Hi Im Kiana from JMMA in Florida. Wanna know all the footprints I leave behind? They come from my farts. They emit more pollution to our atmosphere then all the vehicles in the world combined. Pretty powerful stuff I got here.
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Hello! We are two science students for the contemporary world. We live in Santiago de Compostela, Galicia (Spain). It is a beautiful city famous for its ancient pilgrimage route, where thousands of people around the world come every year to see the beautiful old cathedral. Today we are taking a topic in class on pollution and resource consumption harmful to the environment such as oil, coal … doing surveys on the amount of consumption of each individual month. We wish you give us your opinion on this issue because we would like to know how this issue is handled in different countries and cities, and thus give us help and knowledge to the development of our project. Kind regards and hope your answers.
Hi my name is Amaryllis, and I am from the USA. Every year, in my country, the 4th of July (out independence day) is celebrated with fireworks. The American Pyrotechnics Association, estimates that 18,000 fireworks shows will occur across the U.S. this Fourth of July. This does not include backyard fireworks which have seen a tremendous growth in sales. Since 2000, the sales of backyard fireworks have doubled resulting in over 238 million pounds of fireworks being fired off each year. Fireworks are a major danger to our environment as a whole, and the health of the people living in that environment.
It is estimated that the annual U.S. carbon dioxide emissions from fireworks is 60,340 tons or the same emissions from 12,000 cars on the road for a year. Another threat posed by fireworks is the eventual bioaccumulation of chemicals in the land and water. Some specific chemicals which may bio-accumulate are copper compounds, which make the blues in fireworks, (they also pose a possible cancer risk.) and lead dioxide / nitrate, (these pose a serious health risk too, developmental danger for kids & unborn babes), which may remain airborne for days, poisonous to plants & animals.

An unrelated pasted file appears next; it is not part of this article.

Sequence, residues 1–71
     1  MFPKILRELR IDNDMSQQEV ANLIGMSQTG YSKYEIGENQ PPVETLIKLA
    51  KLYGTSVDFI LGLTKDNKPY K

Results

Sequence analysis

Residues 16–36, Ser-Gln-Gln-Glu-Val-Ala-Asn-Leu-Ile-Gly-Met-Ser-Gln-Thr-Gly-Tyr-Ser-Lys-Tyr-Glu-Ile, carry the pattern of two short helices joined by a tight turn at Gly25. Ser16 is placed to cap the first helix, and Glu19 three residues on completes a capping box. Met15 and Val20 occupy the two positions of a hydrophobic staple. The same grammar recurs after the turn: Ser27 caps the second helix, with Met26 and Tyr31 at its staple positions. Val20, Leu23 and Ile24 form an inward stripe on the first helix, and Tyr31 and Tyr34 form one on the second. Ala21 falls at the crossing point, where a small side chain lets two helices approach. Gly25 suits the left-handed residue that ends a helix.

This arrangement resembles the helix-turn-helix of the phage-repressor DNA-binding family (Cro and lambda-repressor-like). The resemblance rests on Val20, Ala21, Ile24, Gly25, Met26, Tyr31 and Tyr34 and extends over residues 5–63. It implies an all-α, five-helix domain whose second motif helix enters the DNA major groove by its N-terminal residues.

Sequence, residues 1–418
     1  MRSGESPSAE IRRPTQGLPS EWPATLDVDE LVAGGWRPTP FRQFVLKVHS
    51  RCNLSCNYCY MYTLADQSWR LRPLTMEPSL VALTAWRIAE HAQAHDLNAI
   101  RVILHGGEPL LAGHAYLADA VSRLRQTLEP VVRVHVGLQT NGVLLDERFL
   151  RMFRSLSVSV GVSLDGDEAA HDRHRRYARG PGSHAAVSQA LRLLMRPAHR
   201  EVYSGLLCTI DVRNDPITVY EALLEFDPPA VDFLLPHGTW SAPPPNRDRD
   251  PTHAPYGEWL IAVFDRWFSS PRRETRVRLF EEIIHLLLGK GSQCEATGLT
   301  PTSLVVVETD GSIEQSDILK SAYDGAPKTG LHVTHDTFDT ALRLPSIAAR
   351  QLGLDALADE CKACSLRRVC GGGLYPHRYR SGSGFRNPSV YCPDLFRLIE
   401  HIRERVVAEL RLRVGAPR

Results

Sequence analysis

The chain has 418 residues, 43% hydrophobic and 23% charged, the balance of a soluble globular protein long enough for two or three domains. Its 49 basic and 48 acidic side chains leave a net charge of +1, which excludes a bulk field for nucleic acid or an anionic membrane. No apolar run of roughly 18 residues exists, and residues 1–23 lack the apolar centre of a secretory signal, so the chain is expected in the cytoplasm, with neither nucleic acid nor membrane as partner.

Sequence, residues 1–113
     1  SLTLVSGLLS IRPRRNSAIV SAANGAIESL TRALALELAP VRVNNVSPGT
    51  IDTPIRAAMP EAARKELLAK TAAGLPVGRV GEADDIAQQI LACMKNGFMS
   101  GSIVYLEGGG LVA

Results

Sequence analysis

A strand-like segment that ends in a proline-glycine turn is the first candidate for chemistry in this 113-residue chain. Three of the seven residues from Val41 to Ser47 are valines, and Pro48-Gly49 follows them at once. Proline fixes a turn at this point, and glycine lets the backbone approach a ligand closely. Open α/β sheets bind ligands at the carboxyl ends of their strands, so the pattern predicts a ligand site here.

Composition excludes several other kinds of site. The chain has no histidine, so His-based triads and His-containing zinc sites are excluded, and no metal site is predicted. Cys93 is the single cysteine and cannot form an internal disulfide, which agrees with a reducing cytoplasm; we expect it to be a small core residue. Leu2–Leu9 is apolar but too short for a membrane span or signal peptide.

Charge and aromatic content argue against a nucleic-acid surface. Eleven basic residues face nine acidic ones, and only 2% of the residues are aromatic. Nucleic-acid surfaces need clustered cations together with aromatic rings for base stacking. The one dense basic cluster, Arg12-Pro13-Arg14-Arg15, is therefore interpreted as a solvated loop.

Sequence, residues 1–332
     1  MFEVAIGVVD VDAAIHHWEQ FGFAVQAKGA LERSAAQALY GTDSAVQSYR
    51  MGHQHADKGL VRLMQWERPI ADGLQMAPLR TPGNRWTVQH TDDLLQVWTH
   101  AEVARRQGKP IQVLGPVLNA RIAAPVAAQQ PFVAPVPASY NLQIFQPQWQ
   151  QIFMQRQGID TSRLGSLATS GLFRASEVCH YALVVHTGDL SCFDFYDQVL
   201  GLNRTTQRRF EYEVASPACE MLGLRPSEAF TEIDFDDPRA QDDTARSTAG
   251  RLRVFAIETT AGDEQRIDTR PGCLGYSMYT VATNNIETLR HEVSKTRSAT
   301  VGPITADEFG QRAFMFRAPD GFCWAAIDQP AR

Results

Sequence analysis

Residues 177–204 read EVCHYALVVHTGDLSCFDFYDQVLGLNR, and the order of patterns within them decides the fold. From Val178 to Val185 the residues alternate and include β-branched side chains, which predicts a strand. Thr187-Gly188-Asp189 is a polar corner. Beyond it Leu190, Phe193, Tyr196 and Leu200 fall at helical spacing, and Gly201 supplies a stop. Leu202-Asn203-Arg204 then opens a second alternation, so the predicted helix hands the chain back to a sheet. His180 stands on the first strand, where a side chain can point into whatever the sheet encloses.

Fireworks also pose serious health risks to humans, and other animals. Fireworks contain many dangerous compounds, which can adversely impact people, and their health example:
1. Arsenic compounds, which are used as colorants, form toxic ash can cause lung cancer, skin irritation and wart formation
2. Barium Nitrate which are used to produce glittering greens, are poisonous, (the fumes can irritate respiratory tract) and there is a chance of possible radioactive fallout.
On a different note, fireworks also contribute to the ever growing threat of acid rain. Sulfur Dioxide, a gaseous byproduct of sulfur combustion, affects water sources, by increasing their acidity. This acid water then turns in to rain, and when it comes down, it causes harm to vegetation and property damage too.
Fireworks are a major threat, to people and the environment, so next time you go to a firework show, ask yourself, “do I really want to participate in the impending distruction of the enviroment?”